Washington, D.C.: Loved your book. I'm heading to NY in a few weeks -- where should I eat? Cafe Boulud, Veritas, Bouley, Blue Hill? Where would you go if you only had one night in New York?

Anthony Bourdain: Breakfast at Barney Greengrass, dinner at Veritas.

Sticks: Tony, I bought a veal shank today, thinking to make some stock. However for the cost of the thing I don't think I want to make stock. What would you suggest I make with it? It's a good side shank, almost 2 pounds.

Anthony Bourdain: Osso Bucco Milanese. Braise in stock with orange zest, fresh herb, vegetables, serve on saffron risotto. Or simply braise in red wine.

Eating tripe with ice cream? (a la mode): 0ne, I don't eat pork products.

Two, isn't it ironic to eat things like tongue and intestine, to taste tastebuds tasting you, and to digest intestine with your stomach?

Three, do you mean ice cream on the tripe? A la mode a la vanilla ice cream?

Anthony Bourdain: It's a la mode de Caen, the city in France.

Washington, D.C.: Have you read Michael Ruhlman's books "Soul of a Chef" and "The Making of a Chef"? Did you find his take on the Culinary Institute of America accurate?

Anthony Bourdain: I think Michael is the best writer on our "thing" -- meaning the restaurant life, in the business. The one guy who is not a chef who gets it. I've read it all. His new one with Eric Ripert, is called "Return to Cooking" and its terrific.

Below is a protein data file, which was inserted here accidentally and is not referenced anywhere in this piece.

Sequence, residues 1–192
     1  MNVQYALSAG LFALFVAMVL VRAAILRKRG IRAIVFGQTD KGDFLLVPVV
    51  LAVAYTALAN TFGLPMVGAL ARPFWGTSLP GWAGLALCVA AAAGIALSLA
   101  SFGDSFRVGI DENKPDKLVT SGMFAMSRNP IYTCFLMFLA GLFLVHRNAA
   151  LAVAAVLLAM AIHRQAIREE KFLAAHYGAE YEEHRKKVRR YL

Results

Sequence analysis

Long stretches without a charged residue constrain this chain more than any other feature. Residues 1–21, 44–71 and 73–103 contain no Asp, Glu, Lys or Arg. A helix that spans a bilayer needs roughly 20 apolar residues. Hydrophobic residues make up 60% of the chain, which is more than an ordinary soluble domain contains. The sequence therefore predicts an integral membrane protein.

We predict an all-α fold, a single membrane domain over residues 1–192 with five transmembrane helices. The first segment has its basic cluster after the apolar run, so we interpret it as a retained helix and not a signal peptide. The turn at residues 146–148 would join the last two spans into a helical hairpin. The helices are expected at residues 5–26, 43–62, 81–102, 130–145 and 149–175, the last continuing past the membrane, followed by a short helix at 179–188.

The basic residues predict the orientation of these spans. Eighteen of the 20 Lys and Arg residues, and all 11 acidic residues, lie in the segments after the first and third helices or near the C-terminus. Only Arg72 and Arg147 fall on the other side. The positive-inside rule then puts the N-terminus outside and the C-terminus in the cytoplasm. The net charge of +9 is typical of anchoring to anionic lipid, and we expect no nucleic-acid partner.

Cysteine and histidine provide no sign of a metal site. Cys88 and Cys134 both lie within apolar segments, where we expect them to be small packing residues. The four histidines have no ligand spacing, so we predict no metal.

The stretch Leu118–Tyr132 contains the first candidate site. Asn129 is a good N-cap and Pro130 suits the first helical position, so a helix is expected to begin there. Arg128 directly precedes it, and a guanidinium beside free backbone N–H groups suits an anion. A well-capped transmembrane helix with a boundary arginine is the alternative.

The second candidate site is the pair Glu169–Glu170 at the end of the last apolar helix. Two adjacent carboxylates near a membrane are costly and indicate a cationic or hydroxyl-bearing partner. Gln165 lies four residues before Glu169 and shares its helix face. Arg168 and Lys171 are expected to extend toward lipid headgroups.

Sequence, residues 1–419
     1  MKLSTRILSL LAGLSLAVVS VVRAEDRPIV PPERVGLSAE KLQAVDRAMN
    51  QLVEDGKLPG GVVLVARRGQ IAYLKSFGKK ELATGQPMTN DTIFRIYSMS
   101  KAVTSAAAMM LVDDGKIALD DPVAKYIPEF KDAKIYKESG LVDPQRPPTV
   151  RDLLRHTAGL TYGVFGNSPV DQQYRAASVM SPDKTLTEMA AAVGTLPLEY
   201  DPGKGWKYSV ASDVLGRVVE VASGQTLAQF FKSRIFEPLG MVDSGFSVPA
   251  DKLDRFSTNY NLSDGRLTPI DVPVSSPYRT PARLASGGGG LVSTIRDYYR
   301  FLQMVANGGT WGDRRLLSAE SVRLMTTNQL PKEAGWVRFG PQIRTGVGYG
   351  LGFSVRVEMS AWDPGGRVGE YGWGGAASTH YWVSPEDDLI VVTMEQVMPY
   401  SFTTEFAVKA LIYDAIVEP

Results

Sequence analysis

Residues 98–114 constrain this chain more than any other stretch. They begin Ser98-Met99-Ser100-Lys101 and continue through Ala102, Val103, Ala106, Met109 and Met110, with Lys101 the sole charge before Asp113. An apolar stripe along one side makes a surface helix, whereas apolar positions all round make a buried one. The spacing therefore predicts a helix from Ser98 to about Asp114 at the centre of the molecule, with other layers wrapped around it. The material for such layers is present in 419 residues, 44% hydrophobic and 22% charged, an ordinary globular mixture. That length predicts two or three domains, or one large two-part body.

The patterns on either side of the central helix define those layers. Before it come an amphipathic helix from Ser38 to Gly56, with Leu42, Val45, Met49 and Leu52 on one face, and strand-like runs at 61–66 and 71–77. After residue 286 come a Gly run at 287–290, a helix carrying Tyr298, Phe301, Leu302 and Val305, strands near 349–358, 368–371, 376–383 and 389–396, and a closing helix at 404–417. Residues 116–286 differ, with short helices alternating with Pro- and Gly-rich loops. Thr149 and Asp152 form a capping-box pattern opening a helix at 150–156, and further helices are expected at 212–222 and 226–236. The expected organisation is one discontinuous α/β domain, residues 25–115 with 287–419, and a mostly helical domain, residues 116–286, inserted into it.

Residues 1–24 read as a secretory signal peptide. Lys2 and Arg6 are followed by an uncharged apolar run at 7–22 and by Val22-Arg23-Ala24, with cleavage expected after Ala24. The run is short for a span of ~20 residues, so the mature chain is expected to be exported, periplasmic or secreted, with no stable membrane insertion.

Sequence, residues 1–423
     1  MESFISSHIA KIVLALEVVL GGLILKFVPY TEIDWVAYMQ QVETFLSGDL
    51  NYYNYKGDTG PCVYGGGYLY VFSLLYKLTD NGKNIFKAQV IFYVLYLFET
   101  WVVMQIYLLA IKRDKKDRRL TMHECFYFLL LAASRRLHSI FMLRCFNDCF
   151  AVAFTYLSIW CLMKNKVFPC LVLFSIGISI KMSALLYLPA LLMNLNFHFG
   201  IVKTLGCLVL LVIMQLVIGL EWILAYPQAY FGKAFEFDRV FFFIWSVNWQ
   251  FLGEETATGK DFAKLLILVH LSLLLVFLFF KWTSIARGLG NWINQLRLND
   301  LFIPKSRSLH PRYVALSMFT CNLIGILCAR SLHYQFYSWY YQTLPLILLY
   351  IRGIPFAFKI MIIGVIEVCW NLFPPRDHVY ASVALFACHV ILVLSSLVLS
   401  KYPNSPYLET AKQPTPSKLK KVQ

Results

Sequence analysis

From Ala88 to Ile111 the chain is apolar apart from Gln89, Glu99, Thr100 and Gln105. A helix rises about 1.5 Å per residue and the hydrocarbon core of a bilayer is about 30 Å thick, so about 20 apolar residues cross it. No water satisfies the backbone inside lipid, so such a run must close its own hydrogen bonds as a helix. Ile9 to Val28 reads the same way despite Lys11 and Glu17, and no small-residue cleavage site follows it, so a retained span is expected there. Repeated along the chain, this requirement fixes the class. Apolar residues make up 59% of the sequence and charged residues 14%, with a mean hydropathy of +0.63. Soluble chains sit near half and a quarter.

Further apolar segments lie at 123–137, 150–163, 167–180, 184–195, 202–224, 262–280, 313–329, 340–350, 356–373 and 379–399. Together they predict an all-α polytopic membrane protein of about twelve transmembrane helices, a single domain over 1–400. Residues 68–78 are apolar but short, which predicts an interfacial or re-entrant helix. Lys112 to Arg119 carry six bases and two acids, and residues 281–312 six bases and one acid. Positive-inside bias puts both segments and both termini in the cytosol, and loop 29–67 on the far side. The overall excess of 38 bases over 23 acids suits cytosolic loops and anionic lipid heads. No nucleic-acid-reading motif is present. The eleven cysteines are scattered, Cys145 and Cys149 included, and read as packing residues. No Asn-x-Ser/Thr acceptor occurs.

My mis en place: My fiance always puts my knives back in the wrong slots in the knife block and switches where the pots and pans go on our hanging rack.

What to do?

Anthony Bourdain: Consider ending the relationship.

Washington, D.C.: It's ironic you're doing this chat today; I just picked up "Kitchen Confidential" this past weekend and am enthralled! I never knew there was this netherworld of people so well-orchestrated, preparing my dinner.

My question: drugs take up a lot of space in your book; has the restaurant business become more "clean" in the decades since your start?

Anthony Bourdain: Yes. It has for whatever reason become a glamour profession with a future. Behavior in the kitchen reflects that change in attitude -- somewhat.

A cubicle with a view: Hi Tony,

I attended your discussion in San Francisco last week and really enjoyed it, thanks!

Does your wife share your interest in "extreme cuisines?" Does she often travel with you in your quest for various meals?

Anthony Bourdain: My wife's idea of extreme cuisine is meatloaf. She hates stinky cheese, organ meat, sushi, and basically everything I like to eat. Which is okay. Two foodies in the same family can be annoying.

Silver Spring, Md.: What is your take on places like Williams-Sonoma? I think it's a lot of overpriced yuppie McMansion crap, but what do you think?

Anthony Bourdain: I agree with you. Good for buying potpourri.